The Outdoor Access Code
The Outdoor Access Code is a Herenga ā Nuku publication, which sets out the rights and responsibilities of recreational users and landholders.
Crossing private land
You must get permission from the landholder to cross private land. There's no 'right to roam' in New Zealand.
Carrying a gun
Carrying and using firearms is subject to the Arms Act 1983. Some of the relevant provisions in that Act are in the following sections.
The right to walk with a dog, including hunting dogs, depends on the existing rights that run with access.
Horse riding responsibly
“I love nothing better than to be trotting along a verdant river valley or galloping along a vast stretch of beach. Me and my horse and the outdoors.”
Mountain biking responsibly
We are lucky to have access to tracks close to our cities and towns and wide bike-able open spaces. But we have to remember that we are sharing these with others.
Caring for the environment
Our environment is an asset and needs to be treated with care. The Outdoor Access Code supports the “Leave No Trace environmental care code”
Being responsible with fire in the outdoors
Fires are easy to start, but hard and costly to put out. So it is critical that people take simple precautions to avoid endangering life and property.
Four-wheel driving responsibly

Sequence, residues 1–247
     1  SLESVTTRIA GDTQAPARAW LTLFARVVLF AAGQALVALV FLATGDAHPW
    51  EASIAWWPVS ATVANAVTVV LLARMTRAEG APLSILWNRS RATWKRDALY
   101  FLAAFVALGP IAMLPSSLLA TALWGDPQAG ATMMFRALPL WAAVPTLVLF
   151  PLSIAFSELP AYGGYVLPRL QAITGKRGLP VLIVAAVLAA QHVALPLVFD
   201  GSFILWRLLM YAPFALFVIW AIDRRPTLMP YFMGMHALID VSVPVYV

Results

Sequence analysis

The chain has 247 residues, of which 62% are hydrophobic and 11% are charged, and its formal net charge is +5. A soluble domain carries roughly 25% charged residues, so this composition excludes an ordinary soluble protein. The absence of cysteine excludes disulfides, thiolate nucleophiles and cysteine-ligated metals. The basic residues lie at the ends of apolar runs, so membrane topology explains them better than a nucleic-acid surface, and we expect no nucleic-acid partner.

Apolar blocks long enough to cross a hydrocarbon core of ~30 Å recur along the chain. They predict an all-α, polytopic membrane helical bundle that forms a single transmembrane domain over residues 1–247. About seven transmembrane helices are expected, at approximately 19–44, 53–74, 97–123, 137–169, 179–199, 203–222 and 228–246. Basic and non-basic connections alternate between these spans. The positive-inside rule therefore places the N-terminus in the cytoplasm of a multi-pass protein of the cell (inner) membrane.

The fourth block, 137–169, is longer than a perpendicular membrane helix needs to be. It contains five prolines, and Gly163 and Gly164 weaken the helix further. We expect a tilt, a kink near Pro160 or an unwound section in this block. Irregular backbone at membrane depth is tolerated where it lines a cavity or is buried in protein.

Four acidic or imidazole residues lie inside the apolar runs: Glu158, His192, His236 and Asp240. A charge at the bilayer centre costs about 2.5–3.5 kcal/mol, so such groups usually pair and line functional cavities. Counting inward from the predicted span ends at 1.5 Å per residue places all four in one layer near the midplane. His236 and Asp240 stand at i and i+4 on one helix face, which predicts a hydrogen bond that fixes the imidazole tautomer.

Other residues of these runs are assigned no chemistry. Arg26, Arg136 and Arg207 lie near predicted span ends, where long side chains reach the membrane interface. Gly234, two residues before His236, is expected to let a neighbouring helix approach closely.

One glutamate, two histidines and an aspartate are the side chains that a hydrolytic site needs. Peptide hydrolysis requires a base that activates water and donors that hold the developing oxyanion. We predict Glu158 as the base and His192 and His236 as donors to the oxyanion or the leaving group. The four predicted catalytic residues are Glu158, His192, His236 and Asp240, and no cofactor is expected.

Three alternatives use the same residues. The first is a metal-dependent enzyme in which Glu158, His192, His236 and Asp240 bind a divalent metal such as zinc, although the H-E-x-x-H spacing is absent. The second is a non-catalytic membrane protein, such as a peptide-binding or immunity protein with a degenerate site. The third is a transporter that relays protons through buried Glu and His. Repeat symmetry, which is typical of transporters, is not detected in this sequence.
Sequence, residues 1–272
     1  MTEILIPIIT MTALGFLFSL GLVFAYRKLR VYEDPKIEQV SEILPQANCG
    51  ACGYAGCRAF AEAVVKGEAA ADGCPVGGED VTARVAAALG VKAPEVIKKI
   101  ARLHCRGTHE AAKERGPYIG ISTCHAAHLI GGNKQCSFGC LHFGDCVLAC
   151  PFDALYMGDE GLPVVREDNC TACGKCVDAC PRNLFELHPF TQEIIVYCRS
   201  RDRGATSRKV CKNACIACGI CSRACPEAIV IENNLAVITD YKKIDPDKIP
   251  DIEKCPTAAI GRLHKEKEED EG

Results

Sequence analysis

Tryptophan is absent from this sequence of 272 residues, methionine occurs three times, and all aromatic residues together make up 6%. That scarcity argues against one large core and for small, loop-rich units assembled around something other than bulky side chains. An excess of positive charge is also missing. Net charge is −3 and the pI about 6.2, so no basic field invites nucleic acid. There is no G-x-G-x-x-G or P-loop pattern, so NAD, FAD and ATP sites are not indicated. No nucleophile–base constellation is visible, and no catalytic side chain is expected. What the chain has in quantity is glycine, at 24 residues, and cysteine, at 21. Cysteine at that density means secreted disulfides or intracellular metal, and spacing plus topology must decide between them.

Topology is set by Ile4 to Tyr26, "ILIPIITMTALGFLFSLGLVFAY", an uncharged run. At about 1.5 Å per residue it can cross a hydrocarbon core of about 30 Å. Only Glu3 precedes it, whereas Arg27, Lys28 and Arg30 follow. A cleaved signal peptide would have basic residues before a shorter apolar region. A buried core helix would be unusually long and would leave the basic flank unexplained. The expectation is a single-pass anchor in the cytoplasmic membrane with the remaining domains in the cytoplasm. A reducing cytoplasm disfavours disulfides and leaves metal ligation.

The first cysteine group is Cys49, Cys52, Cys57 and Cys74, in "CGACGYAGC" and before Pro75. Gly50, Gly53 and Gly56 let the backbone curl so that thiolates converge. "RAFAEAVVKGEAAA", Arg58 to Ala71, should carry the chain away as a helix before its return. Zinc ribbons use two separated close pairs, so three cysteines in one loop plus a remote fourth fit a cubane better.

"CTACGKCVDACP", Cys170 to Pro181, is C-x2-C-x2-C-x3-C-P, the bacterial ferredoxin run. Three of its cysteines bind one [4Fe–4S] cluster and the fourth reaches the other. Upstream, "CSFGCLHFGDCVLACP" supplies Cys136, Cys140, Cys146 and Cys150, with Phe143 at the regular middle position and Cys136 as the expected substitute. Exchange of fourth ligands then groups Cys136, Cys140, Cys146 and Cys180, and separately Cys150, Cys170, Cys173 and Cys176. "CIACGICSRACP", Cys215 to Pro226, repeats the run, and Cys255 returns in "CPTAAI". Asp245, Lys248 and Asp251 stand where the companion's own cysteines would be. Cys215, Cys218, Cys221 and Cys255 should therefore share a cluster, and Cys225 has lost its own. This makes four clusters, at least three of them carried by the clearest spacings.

Exploring some of New Zealand’s rarely travelled public and private roads by four-wheel drive (4WD) vehicle is an exhilirating experience.
Bikes, dogs and horses on walkways
Unless there has been special agreement with the landowner or public land administrator bikes, dogs or horses may not be taken on a walkway.
Motor vehicle on walking tracks
Generally, you cannot use motor vehicles on tracks. Even where vehicle access is allowed, such as on an unformed legal road, it is polite to inform the landholder.
Kauri dieback, myrtle rust and more – what you need to know
We have a responsibility to avoid spreading disease, pests and weeds. Through responsible behaviour, we can help keep our wildlife, plants and our livestock safe.
If you're crossing a farm you need to be aware of Mycoplasma Bovis. It does not pose any risk to you, but you can take some simple steps to stop it spreading.